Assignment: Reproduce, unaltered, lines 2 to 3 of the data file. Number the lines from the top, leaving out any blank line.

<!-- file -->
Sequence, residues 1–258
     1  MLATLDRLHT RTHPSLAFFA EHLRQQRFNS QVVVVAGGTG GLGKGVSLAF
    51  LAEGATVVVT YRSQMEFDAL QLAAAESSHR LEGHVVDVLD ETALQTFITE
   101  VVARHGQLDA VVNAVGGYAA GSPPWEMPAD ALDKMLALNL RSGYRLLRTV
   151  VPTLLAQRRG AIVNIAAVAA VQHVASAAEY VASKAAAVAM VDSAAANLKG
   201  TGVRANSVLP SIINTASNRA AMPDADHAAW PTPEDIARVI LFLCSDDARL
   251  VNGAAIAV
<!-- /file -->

     1  MLATLDRLHT RTHPSLAFFA EHLRQQRFNS QVVVVAGGTG GLGKGVSLAF
    51  LAEGATVVVT YRSQMEFDAL QLAAAESSHR LEGHVVDVLD ETALQTFITE